Stejneger's Beaked Whale
"The whale whose skeleton hangs above you was found in May of 1984 on the shore at Twin Rocks,
on the northern Oregon Coast. Although its body was decomposed, scientists determined that its back
was broken and diagnosed the cause of death as a boat collision. The skeleton is almost 18 feet long and
belonged to a female Stejneger's Beaked Whale.
There are several species of beaked whales. They are rarely seen at sea and we know them mostly
from stranded individuals. Stejneger's beaked whales live only in the North Pacific, swimming alone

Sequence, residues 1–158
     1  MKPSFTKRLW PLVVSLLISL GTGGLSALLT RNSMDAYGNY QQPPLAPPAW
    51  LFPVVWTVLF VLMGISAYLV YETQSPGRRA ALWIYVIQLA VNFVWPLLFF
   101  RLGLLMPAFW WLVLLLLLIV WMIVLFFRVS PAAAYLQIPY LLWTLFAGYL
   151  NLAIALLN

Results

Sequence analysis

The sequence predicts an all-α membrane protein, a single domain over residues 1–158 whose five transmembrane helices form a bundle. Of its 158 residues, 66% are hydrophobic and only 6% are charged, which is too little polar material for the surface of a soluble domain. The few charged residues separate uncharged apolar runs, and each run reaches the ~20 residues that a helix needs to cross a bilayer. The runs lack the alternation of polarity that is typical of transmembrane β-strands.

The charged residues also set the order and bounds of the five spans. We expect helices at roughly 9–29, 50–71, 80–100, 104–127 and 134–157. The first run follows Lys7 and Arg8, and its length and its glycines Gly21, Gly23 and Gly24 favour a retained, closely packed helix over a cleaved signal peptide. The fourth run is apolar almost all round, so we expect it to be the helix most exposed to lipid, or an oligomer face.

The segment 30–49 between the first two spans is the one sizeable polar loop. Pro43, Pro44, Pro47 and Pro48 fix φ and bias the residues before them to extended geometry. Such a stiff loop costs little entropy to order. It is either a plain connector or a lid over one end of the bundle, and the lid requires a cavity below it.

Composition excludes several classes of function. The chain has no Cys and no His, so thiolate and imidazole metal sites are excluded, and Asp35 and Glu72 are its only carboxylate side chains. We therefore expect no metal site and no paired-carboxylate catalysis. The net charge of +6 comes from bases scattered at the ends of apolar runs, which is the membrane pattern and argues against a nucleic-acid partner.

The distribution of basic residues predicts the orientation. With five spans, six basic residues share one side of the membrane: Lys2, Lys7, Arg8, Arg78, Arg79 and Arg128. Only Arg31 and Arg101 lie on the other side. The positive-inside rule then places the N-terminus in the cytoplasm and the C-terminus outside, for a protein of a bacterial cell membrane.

or in tight groups of up to 15 whales. They eat squid and fishes.
Males have a pair of teeth, over eight inches long, in their lower jaw . . .
Here's a picture of primitive horse skeleton I took in Houston, Texas. Note the three toed limbs.
Here is a little program that simulates evolution - sort of. Little chains of numbers are made to evolve. This latest version allows for populations to grow to any size.
You can view a description of the program here:
Click here to view GALAXY ROTATION PAGE